Evangelical Politicos and the Perpetual Head Scratching

While I have chosen to not make politics something withing my blog programming, I will confess that I am a news junkie of sorts, which currently has me with a perpetual head scratching when it comes to the evangelical world of politics.  So check it.  Jerry Falwell and D. James Kennedy have died within the past year, and the President of the National Association of Evangelicals has been outed with a homosexual relationship which he had been having for years.  Consequently, the two dominating influences in the evangelical world of politics right now are a shrink and a Pentecostal preacher who can leg press 2000 pounds.  As an evangelical, does this not leave you scratching your head, wondering whatever happened to men like Harold J. Ockenga, Carl F.H. Henry, and Francis Schaeffer?

One does not have to speculate long as to why the Jim Wallis’, Rick Warren’s, Brian McLaren’s, and Jimmy Carter’s, out there are gaining so much momentum in the younger generation of evangelicals.   My hunch is that many evangelicals are finding themselves wondering how in the world we got to the place where so many evangelical politicos are so little like us.

Maybe I am not the only one scratching my head after all.

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4 Comments on “Evangelical Politicos and the Perpetual Head Scratching”

  1. Justin Says:

    I work in politics (Congress, if you call that political) and I could not agree with you more.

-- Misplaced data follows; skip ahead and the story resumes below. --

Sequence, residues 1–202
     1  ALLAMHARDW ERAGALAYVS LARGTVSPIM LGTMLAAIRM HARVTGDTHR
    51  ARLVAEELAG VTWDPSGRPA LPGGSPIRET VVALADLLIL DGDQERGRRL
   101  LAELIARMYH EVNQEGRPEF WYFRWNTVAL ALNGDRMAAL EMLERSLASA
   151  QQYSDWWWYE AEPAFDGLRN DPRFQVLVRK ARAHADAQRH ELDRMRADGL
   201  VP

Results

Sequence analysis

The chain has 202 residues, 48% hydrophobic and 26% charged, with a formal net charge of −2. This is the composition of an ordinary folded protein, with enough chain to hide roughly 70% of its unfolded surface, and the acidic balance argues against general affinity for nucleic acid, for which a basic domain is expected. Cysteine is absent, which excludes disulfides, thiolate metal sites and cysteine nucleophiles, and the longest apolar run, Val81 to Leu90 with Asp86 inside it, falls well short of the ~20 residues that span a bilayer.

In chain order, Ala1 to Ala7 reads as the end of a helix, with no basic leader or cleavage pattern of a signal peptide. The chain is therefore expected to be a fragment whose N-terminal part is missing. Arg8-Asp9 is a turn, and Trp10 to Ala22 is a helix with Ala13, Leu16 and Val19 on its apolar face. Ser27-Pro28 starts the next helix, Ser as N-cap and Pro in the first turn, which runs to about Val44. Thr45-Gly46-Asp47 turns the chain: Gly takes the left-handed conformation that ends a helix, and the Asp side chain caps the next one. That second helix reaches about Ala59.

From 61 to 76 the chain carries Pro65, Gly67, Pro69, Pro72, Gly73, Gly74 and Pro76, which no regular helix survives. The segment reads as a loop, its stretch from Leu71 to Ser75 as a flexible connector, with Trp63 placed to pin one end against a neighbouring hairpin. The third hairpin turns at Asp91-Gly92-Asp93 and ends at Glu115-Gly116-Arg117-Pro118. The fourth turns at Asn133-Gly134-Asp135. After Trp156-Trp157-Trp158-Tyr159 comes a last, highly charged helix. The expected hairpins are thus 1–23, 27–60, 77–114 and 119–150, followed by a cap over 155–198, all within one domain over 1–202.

I strive for individuals to read and listen to, whom can make an evangelical political position, not sound like a science fiction moralism, but common sense logical process.

    I have too many other thoughts to take up space on your comments, but I just wanted to say: great words!

  2. Re: “the two dominating influences in the evangelical world of politics right now”


    I think that you may have made the potentially fatal error of forgetting about CHUCK NORRIS, who recently endorsed Mike Huckabee.

  3. […] Brister is scratching his head at who is left to spearhead the evangelical political […]

  4. Jim Pemberton Says:

    Evangelicalism was good while it lasted, but I think the celebritization of ministers has taken an ideological toll on the movement. While the message was well spoken, too many have instead clung to the speakers rather than the message. Now, any good speaker is glorified no matter what he preaches and too many who bear truth well are marginalized if they can’t command the attention of mass-multimedia-consumers.

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